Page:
After Manchester

So, ghosts from our people’s unresolved pasts linger in our present. Do they curb our horizons or spur us toward the margins wherein and where from our utopias can be dreamed and acted on again?

I don’t know. But I do think a life lived richly in the present, while also in self-trusting anticipation of the present-plus-its-next, helps us find our true alignment and thus take actions that are (increasingly) right. It’s like crossing a stream. We feel thrill and find our balance on the first stepping stone, martial courage and reap the success in taking the next, and then venture with increased poise and sureness to continue the way across. The attention in the moment we gave to each stepping-stone while anticipating, readying and moving ourselves along and across the path made by them all is as mindful and purposeful as counting prayer beads on a string. The more aligned and mature we get, the more we can look back on the steps we have taken and see them as our life’s sacred chord.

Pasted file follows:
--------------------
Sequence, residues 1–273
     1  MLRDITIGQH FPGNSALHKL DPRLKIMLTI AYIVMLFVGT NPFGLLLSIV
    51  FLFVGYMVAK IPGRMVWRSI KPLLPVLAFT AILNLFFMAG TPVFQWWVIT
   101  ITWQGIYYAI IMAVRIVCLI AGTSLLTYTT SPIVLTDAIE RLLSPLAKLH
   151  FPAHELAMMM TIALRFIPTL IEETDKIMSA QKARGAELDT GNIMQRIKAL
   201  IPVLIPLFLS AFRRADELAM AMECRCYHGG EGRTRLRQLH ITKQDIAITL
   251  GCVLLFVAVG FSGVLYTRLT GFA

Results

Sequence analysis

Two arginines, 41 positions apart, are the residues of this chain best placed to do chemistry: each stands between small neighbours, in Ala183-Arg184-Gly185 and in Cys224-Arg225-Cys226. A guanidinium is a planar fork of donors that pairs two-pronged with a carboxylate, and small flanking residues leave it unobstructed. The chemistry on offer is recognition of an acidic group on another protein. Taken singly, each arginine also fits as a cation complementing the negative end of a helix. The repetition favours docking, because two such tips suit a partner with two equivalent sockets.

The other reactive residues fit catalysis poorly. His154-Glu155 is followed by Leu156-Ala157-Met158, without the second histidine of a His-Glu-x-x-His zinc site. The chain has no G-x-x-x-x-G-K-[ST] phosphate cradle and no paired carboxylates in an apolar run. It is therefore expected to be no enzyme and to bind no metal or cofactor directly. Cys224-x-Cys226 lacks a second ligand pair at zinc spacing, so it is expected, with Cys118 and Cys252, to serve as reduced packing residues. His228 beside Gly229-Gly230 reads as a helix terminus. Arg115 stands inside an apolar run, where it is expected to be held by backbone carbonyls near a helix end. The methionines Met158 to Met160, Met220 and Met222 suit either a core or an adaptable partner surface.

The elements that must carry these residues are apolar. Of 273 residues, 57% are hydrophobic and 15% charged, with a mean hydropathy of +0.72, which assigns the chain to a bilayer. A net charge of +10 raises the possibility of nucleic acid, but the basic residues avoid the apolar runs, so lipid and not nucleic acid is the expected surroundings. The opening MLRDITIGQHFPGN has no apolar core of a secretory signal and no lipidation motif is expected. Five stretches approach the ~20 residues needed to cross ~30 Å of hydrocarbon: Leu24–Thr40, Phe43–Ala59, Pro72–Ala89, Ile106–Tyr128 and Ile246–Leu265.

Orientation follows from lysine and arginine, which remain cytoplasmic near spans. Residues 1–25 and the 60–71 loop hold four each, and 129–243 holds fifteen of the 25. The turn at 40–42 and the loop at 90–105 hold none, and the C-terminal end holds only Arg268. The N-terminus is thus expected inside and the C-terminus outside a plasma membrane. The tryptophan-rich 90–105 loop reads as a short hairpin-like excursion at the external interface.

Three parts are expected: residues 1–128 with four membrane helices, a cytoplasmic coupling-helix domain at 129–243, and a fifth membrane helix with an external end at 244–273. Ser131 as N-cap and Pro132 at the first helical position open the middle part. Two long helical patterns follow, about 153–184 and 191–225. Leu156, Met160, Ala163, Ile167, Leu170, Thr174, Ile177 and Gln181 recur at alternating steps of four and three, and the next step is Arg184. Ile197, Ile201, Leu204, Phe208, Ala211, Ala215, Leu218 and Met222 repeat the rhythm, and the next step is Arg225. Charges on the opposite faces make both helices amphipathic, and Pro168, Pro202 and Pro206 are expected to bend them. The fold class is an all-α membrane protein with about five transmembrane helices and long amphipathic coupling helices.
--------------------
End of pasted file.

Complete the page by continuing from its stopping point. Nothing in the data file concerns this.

Since I retired from formal, structured employment I have, among other things, taken up fiction writing. So far I have written a novella and a few short stories. I write slow. In between the heavier bouts of writing prose I practise writing ‘flash’ fictions - stories of exactly 100 words. In these little fictions I find I can play, not just with words, but with ideas, logic, comedy and the absurd. I wrote a relatively more sensible one of these after I returned from Manchester with the heady ideas of Avery Gordon, Ernst Bloch, Geoff Bright and the rest of you in my mind - and Geoff urged me to post it here. 

It’s called   ‘Daylight’:

Bonerath reckons life is poetic. If the robber hadn’t stolen the daylight from his room he wouldn’t have climbed out of a window of opportunity, scrambled through the eye of a needle and landed in that Haystack in the Floods.

           Then it was a matter of sinking or swimming, keeping head above water, looking for another high point in life or someone to offer him a leg up.

           Flo Contrere says she saved the day. Bonerath says he seized it.  

           Either way, looking from that day forward, Bonerath always looks forwards, while also looking backwards, without looking in two minds.

John Rathbone Taylor

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